“The role of the Families Commission is to increase the use of evidence for better informed decisions.”


Background

• The full report is available on the Commission’s website at http://www.familiescommission.org.nz/publications/research-reports/family-violence-indicators
• The Commission is a member of the cross sector Taskforce for Action on Violence within Families
• The focus of this work is on administrative data sources – ie data collected by the Ministries of Health, Justice, Social Development (CYF) and the Police.The report’s recommendations are:
o Using a consistent use of terminology
o Investigating the representativeness of the measures proposed
o Investigating the possibility of generating more appropriate measures of intimate partner violence
o Collecting a core set of variables in each data set
o Regular staff training on the importance of good quality data and the current standards for data collection within each agency.


ends

© Scoop Media

 
 
 
 
 
Parliament Headlines | Politics Headlines | Regional Headlines

Gordon Campbell:
On The Team Behind Trump's Throne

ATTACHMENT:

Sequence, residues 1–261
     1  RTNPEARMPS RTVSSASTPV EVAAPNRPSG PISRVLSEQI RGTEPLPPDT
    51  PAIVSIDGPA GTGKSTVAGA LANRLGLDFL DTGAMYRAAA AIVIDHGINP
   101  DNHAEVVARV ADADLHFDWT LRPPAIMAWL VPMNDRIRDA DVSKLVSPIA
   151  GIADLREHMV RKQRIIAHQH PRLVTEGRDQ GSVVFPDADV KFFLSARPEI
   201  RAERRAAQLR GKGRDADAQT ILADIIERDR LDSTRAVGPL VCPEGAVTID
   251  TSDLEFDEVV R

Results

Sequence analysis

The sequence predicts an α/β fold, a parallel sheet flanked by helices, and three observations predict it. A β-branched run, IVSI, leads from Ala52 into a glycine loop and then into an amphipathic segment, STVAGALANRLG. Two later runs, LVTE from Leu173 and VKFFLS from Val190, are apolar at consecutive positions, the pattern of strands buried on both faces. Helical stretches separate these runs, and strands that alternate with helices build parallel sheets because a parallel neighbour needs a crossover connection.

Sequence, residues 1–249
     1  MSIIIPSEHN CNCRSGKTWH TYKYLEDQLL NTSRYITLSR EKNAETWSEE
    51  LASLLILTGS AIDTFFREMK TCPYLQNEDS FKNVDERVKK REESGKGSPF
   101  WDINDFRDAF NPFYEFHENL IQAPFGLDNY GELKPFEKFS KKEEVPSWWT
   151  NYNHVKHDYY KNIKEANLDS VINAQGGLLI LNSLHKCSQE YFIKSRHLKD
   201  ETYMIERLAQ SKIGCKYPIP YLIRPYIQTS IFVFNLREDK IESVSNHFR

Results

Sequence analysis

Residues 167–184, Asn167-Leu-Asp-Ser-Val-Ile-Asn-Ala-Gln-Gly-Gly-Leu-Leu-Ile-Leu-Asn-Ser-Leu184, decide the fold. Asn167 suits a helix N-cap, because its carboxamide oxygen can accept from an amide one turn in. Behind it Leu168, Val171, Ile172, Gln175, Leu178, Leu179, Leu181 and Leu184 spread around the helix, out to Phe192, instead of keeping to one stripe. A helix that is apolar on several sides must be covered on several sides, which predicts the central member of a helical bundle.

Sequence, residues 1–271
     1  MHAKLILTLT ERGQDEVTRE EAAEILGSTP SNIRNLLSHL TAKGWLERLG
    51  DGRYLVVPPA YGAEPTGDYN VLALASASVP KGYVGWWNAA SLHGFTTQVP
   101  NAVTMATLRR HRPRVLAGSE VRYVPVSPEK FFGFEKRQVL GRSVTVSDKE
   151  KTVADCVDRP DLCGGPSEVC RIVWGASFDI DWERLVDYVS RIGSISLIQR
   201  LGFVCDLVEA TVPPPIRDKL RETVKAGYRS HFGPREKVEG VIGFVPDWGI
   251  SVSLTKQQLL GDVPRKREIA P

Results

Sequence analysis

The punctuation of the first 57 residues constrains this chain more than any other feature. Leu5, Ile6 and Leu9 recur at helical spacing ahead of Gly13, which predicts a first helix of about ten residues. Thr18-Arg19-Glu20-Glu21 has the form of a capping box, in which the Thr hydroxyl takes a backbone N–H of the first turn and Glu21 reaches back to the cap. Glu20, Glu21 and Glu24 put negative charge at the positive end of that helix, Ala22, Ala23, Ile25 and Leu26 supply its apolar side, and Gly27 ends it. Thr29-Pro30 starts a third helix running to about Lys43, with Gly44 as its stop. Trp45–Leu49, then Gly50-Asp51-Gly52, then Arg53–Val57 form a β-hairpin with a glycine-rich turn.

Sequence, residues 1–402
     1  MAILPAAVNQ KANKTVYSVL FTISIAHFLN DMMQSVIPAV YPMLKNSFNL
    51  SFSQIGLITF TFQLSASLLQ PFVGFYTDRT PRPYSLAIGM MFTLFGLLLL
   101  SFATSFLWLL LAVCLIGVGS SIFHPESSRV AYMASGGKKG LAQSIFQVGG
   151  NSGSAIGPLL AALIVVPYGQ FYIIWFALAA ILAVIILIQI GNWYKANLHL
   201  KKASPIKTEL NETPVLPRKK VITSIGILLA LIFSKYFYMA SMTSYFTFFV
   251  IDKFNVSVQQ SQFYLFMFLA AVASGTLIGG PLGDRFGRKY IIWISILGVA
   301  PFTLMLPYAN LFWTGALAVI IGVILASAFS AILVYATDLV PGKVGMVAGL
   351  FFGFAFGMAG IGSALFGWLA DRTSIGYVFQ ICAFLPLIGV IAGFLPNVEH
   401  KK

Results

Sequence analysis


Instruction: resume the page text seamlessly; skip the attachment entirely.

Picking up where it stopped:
Forget the Putin factor. Daily, the team of charlatans, bigots and stunningly ignorant crackpots that Trump is appointing to head key federal agencies is just as alarming. These are positions with vast power and budgetary discretion over policies that stand to affect tens of millions of vulnerable Americans. Sad! More>>

 

Gordon Campbell: On Bill English, Abroad

If David Cameron was the closest thing John Key had to a political mentor, their successors also share a whole lot in common. Theresa May and Bill English were both propelled into the top jobs as the result of unexpected resignations, and without much in the way of credible competition from their colleagues... More>>

ALSO:

Pike River: Labour Bill To Override Safety Act For Mine Entry

“Bill English has been hiding behind the legal excuse that any attempt to re-enter the mine to recover the bodies might place the mine’s owner, Solid Energy Limited, and its directors in breach of the Health and Safety at Work Act 2015." More>>

ALSO:

Gordon Campbell: On Populism And Labour 2017